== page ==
Old HandI dribble now, at night in bed, during the dull sleep of a Mediterranean siesta and wake with a white skim of drool on my cheek and crusts in my eyes. By day, I paint my aged face– lips crone-red, Cleopatra eyes, Dietrich brows, and lacquer my nails, hard as cow hoofs, fuchsia to hide the horny discolouration of nicotine. Nothing disguises the knobbled, knuckled witch bones of my fingers. Fingers once delicate which caressed, cradled and composed.  My heels are lower, skirts longer and my shoulders clad despite the violent summer heat.

Except by the pool, in flowered skull cap and failing black secret-slimming-elastane swimsuit, there can be no disguise.

Simple seborrheic keratoses litter my skin, benign but ugly. I know but my grandchildren don’t. When I sit in the late afternoon sun on the lounger, they stare, openly, run their tiny, questioning fingers over my skin.

‘Mind my dragon scales.’ I tell them. ‘I’m evolving. The naughtier you are the more I change.’

Their eyes, wide with fear, shine with the knowledge that naughtiness brings not only trouble but power. It is a heady brew and mischief rules. It brings joy because I know, the little ones crave drama, terror, dark imagination and not lip balm flavoured stories.

‘Spider’s kisses,’ I say with an evil slur when they poke the Campbell De Morgan papules, tiny and red, littering my senile belly. So much more thrilling than their common, cutesy name, Cherry angiomas. Where’s the fun in that?

My sinewed popliteal fossae swallow tiny fingers up to their knuckles and when the little ones squint for a better look at my thighs, dimpled with cellulite, threaded with varicosed veins, I warn them not to touch.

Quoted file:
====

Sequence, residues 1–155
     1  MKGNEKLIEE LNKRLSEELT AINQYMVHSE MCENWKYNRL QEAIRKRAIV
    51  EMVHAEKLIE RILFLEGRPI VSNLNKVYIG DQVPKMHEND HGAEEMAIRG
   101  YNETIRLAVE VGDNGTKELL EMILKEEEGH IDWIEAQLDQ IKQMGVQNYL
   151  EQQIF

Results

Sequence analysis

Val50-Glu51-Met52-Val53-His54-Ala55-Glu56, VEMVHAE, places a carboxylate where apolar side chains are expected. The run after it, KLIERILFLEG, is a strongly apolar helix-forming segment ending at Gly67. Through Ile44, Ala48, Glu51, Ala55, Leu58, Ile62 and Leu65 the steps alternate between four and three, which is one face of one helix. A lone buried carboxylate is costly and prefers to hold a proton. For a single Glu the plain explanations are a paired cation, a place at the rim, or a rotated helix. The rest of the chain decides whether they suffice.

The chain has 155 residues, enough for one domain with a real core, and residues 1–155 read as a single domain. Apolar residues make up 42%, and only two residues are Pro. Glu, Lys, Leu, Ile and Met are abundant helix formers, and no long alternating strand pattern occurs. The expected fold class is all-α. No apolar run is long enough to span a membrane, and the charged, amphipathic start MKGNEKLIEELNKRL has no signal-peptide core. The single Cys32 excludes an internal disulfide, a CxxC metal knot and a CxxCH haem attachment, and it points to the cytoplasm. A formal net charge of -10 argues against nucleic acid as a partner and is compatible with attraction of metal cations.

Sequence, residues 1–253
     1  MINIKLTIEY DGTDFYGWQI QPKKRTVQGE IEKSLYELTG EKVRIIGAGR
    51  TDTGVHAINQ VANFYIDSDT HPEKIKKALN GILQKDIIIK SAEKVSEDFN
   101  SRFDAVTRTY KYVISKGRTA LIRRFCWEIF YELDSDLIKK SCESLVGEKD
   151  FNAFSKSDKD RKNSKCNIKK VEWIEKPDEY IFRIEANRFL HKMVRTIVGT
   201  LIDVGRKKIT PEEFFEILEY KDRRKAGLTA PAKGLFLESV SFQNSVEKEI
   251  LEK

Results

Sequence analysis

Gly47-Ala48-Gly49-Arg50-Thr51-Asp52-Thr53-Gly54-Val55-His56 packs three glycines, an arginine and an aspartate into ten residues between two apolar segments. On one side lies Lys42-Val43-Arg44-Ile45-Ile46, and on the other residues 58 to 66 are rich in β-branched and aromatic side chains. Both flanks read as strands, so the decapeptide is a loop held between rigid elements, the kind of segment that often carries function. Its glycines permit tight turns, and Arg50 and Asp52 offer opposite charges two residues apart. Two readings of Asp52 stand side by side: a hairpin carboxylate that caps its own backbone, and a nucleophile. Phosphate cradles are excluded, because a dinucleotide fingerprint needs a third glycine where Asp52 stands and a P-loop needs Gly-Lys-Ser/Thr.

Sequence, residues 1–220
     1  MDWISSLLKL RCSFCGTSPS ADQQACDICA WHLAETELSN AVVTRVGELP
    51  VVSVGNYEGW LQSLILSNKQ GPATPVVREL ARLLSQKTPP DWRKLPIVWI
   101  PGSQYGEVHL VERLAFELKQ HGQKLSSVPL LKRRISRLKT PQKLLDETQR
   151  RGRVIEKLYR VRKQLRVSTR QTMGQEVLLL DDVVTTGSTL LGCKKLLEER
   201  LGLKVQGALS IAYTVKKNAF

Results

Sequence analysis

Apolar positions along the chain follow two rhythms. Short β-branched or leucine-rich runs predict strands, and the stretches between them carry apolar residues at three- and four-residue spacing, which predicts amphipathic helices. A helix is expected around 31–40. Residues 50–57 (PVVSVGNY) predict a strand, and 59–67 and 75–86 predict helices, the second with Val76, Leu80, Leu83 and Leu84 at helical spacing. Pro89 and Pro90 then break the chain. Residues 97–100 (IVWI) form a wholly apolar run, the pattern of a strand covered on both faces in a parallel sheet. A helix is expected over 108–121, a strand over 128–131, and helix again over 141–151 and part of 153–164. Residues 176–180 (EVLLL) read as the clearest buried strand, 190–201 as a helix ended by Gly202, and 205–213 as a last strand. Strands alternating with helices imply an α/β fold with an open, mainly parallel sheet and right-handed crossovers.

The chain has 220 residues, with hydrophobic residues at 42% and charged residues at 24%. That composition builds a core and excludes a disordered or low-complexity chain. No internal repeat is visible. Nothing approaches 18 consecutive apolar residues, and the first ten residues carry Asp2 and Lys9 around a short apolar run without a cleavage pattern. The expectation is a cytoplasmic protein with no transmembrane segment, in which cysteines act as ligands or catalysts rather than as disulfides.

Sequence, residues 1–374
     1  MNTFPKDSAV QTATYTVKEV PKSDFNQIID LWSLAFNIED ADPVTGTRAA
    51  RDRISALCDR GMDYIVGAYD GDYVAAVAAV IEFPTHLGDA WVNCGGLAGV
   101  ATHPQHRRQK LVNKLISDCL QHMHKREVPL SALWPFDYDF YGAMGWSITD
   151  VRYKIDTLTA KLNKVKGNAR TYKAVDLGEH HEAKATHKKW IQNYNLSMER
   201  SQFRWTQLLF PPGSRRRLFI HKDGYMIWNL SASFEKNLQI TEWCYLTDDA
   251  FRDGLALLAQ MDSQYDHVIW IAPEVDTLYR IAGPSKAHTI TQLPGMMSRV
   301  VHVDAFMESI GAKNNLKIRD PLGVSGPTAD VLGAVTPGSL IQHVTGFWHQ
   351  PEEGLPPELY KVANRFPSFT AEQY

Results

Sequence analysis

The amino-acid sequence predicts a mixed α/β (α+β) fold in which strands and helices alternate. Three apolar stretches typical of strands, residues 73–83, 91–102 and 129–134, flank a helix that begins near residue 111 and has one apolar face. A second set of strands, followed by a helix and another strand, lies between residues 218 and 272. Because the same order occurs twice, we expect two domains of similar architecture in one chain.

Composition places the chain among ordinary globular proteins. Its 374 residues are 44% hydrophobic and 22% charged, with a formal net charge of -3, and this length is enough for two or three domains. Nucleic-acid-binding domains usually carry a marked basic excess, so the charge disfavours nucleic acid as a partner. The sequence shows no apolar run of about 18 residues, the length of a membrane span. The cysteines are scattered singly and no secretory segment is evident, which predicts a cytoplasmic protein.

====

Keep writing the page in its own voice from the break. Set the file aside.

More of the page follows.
‘One touch and my rotting worms, blue with poison will kill you,’ I whisper.

They step back and gulp.

I hide in the water and wait for the right moment. When mummies stretch out, eyes closed, a glimmer of relaxation on their tanned faces. Then. I rise from the deep, water rappels from my skin, splintering the light and with the gasp of air, I shout.

‘Beware the Kraken.’

Every child stops in their tracks. A dread-filled hush. Splinters of doubt. Before kiddies screech. Babies scream.

I clamber out, shake off the water and flop on the lounger to light a cigarette and swig my ice-cold gin.

I am the Kraken.

***

Shannon Savvas is a New Zealand writer who divides her life and heart between New Zealand, England and Cyprus. Winner of Reflex Fiction, Cuirt New Writing Prize, runner up Flash500 Short Story and frequent bridesmaid in Word Factory, Bath – short story, flash, novel, Fish, Flash500, InkTears, Reflex Fiction, Grindstone LiteraryShort Story Prize competitions. Published online, and in print in literary journalsHeadland Journal NZIssues 1 & 13), Gulf Coast Online and print Issue 12 Into the Void, and has work included in Horizons 3, Bath Flash Fiction, Bath Short Story Award, Fish, Reflex Fiction vol 1 anthologies.